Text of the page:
Do specialized psychologists offer therapeutic services through phone calls?

« We cannot provide therapeutic services through phone calls, since we have to meet our patients in person to figure out what they need. Fortunately, there are some services that offer psychological support and guidance to help people in need. It is also worth mentioning that psychology graduates are volunteering to help people who suffer during the COVID-19 crisis by listening to patients’ issues and offering them help.» Dr Bennani stated.

Eventually, there are always two sides to each story, in the interest of balance, one has to focus more on the good side. COVID-19 has not only left bad imprints on people’s memories, it also has a silver lining. Pollution is down, and will continue to be lower during this period. Families are finally free to spend quality times with their family members. People are kind towards one another, and invest all their knowledge and energy to lift spirits amid the pandemic; and the list goes on… The question is, will this experience bring the best out of you?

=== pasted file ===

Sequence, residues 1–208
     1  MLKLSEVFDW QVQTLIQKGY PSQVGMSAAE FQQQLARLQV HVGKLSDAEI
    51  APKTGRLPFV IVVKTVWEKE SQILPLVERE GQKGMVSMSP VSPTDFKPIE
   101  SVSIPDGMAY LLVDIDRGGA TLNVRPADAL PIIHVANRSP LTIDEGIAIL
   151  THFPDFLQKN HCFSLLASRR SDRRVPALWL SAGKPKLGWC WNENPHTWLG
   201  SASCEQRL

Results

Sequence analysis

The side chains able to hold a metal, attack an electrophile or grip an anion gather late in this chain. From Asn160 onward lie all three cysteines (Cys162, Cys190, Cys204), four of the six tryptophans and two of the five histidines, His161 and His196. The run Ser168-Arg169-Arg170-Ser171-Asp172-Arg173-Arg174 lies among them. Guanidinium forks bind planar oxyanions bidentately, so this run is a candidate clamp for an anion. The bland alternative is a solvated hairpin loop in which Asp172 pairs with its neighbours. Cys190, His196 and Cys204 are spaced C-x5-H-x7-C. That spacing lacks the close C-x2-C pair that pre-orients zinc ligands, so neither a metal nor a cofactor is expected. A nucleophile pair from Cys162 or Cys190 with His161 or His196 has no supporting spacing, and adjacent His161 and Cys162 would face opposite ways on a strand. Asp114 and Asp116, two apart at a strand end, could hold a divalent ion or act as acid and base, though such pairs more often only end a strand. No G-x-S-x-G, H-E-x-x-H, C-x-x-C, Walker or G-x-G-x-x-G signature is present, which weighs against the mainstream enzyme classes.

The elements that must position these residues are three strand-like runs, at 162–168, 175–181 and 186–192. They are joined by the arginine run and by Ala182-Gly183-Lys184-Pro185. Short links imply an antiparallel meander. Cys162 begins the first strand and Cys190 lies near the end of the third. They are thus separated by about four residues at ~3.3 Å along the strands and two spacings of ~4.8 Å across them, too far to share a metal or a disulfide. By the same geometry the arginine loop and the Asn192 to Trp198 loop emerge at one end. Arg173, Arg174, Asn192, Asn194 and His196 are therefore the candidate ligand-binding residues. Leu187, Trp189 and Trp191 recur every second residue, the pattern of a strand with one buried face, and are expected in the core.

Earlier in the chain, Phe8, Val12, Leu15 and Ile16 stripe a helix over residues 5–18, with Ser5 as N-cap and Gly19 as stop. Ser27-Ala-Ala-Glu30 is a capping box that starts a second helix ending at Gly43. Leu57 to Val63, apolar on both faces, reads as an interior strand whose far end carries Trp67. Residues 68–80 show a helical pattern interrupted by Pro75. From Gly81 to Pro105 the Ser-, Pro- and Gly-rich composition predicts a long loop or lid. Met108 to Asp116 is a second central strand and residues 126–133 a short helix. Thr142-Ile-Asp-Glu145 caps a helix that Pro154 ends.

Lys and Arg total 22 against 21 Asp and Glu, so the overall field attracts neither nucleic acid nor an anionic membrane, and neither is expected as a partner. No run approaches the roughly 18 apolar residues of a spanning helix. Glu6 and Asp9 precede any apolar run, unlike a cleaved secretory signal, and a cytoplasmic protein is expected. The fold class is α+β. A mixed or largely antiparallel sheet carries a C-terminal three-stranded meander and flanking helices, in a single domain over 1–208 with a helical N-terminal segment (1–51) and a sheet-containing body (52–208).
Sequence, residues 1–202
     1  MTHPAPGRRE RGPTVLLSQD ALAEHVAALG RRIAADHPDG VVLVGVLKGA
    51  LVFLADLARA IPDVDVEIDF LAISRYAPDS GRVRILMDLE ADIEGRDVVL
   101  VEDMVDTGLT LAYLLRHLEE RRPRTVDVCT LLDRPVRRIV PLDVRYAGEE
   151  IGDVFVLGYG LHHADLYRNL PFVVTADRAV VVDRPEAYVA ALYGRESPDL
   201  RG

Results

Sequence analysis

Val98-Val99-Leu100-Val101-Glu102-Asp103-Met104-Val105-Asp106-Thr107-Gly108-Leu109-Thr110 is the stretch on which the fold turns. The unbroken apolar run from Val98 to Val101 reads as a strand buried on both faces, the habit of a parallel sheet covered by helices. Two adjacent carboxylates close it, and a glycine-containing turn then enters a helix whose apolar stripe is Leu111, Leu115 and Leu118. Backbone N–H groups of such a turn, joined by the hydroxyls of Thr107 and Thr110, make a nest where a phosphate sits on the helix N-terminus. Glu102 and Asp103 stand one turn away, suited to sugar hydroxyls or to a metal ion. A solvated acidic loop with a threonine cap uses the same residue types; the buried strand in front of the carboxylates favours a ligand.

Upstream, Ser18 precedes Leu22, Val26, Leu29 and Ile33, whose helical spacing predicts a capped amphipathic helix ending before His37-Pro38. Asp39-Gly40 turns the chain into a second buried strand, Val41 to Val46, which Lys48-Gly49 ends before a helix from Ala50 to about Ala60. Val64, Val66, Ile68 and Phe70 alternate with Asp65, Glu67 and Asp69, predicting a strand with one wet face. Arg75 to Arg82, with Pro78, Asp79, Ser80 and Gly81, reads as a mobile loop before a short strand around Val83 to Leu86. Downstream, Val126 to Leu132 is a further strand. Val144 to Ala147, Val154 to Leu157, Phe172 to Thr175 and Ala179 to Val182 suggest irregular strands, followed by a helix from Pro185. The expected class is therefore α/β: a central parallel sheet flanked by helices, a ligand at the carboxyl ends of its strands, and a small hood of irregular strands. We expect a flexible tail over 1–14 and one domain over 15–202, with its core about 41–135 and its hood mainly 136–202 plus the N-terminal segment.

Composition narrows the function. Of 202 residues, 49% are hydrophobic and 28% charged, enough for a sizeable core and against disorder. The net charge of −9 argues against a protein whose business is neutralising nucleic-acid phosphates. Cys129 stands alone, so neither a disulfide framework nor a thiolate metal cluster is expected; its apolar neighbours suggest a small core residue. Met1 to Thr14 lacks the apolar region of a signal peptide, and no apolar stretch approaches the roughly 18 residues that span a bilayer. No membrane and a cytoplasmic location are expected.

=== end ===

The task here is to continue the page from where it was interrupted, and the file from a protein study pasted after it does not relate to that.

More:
1 https://www.netdoctor.co.uk/medicines/brain-nervous-system/a7353/piportil-depot-pipotiazine/

Loubna El Alaoui

Hi there, let me walk you through my humble personal and professional life! My name's Loubna and I am a Moroccan web editor, investigator and journalism student. I've always been fond of writing, for it helps me get things clear in my head and reduce stress. I began writing some personal articles that I only shared with some very close friends of mine, and now, a humble number of people read my articles about life, environment, society... Before I held my BA in English Literature, so many people and teachers told me that I could be a great journalist. Well guess what....? After so many experiences, I found my passion and what I truely want to do with my life. And now I'm working on my masters degree in Journalism and Media.